But if the terrorists actions were incited by their feelings of humiliation arising from powerful others who came to exploit their lands and do as they please, infecting their culture with foreign degenerate cultural habits, sexual promiscuity, drinking etc., then the inquiry into the source/cause of the terrorism cannot stop at the ‘evil hearts’ in the interior of the terrorists. [there is no judgement here, only inquiry into whether ‘the power to humiliate’ wielded by the victims of the terrorist attack could have played a role in inducing/sourcing the attack].
Today’s headlines, on the 10th anniversary of 9/11, consistently portray the terrorist acts of 9/11 as an event that ‘changed the world’, that notified us that ‘there is evil out there’ that is targeting America and the good people of the (powerful as in ‘big hitters’) G8 countries that contribute most to the global economy
But in the continually growing alternative news media, and in anarchist websites and in brochures, 9/11 is just a punctuation mark (a notably horrific one) in a continuing story, a story of a continually widening gap between rich and poor, powerful and disempowered, and the rising need to use police and military to squelch unrest that is coming from an outraged and in some cases, exasperated, public.
One example, a brochure written by 93 year old former French Resistance member Stéphane Hessel, entitled ‘Indignez Vous!’ (Be Outraged!), has found resonance with many people in France and around the world. In it, Hessel observes that this is the time for outrage, for being outraged because;
“the disparity between poorest and richest has never been so great and amassing money, competition, never been so encouraged” … “the problem is the power of money, so much opposed by the Resistance, and of the big boldfaced, selfish man, with his own servants in the highest spheres of the State.” Hessel further notes, in reference to Gaza, that “terrorism is a form of exasperation [exhaustion of ‘esperance/hope’]. … “terrorism” is a misnomer. One should not have to resort to this exasperation, but it is necessary to have hope. Exasperation is a denial of hope. It is comprehensible, I would say it is almost natural, but it still is not acceptable. Because it does not produce results that lead to the restoring of hope.”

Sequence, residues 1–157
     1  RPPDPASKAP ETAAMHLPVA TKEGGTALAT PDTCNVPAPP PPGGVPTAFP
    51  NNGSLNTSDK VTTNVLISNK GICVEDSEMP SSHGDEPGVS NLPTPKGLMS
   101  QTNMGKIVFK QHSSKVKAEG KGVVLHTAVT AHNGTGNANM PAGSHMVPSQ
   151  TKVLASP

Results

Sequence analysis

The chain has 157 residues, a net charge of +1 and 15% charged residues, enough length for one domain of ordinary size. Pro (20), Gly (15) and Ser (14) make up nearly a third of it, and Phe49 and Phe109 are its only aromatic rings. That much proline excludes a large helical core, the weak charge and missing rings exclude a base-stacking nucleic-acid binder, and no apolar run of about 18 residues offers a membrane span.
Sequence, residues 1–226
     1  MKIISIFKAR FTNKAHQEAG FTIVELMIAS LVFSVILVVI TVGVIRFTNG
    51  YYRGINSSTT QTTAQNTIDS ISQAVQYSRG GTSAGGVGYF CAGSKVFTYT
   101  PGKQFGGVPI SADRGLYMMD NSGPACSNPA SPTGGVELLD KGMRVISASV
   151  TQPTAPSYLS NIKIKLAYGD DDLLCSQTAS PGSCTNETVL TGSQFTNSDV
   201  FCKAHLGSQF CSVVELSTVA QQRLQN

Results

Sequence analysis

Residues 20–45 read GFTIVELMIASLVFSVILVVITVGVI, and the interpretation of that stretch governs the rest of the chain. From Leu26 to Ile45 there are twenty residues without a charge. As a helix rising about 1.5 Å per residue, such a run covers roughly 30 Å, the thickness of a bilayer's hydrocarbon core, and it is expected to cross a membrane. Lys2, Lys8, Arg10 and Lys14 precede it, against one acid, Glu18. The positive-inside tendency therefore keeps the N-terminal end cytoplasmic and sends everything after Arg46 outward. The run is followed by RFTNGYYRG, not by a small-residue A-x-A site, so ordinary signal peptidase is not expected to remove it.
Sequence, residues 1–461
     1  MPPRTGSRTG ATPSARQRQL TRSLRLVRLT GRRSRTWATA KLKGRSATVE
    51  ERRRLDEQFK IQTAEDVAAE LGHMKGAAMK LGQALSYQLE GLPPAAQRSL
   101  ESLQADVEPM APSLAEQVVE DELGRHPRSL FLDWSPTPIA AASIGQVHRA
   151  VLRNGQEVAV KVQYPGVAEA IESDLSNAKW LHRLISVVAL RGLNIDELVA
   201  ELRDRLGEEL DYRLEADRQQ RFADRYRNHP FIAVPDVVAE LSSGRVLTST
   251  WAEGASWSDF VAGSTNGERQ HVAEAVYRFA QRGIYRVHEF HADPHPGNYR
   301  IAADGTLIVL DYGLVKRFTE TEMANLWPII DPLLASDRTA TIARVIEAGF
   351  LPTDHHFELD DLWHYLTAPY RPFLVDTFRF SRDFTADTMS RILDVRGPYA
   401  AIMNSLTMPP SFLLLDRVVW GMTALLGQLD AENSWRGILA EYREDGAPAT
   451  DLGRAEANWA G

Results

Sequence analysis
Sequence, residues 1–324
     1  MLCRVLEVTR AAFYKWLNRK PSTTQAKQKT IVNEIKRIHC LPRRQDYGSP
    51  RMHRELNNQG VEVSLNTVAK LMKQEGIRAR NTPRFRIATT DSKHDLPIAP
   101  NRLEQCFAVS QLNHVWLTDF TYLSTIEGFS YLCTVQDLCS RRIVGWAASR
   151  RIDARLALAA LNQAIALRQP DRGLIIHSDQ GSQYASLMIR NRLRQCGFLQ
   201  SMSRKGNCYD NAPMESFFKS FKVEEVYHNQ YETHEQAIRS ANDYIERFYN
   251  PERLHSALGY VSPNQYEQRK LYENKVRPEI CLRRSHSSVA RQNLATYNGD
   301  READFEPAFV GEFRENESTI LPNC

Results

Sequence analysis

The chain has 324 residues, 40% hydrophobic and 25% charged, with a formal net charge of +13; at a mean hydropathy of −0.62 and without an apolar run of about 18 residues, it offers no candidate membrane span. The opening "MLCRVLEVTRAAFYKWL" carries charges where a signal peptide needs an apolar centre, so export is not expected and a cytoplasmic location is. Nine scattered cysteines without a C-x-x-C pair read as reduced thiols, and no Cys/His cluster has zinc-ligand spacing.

Today, ten years after 9/11, Stephen Harper is now Prime Minister of Canada and has carried into the government, military and criminal justice system (police and law enforcement), the fundamentalist view wherein inquiry into the source of terrorism/criminality dead-ends inside of the terrorist/criminal, in his evil heart; “What was behind the events of Sept. 11 are the forces of evil and hatred…. These must be resisted by free and democratic societies and their leaders.”
The disparities between rich and poor, powerful and disempowered have never been greater and thus the use of police and military (‘the power of humiliation’) to hold back an outraged populace stonewalled by government in their demands for rebalancing actions, has never been greater.
Today, the focus is on remembrance in terms of remembering the victims of 9/11 and those such as the ‘first responders’ that tried to rescue them. To be sure, there is also renewed resolve to never let this happen again. But in the nine years since Jean Chrétien’s commentary on the first anniversary of 9/11, the popular view of the root source of terrorist activity has shifted away from ‘exasperation’ and its variant form, ‘terrorism’ that associate with ‘the power to humiliate’, in the direction of ‘evil hearts’. Correspondingly, preventative measures have been increasingly one-sided, orienting to defensive systems that continue to build ‘the power to humiliate’ and hold in check ‘outraged people’ that, as Douglas Roche observed, become the spawning ground for desperate acts.
As Stéphane Hessel urges, we must hold on to our ‘outrage’ and allow it to fuel ‘peaceful insurrection’ that will restore the balances in our society, so that ‘the power to humiliate’ index will go into a natural decline, and with it, ‘exasperation’ and its variant form, ‘terrorism’.
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Note: ‘Those Who Walk Against the Wind’ is a Navajo expression, the title of the collection of writings in which Hessel’s ‘Indignez Vous!’ is included and which captures the image of ‘the Resistance’, the ‘outraged ones’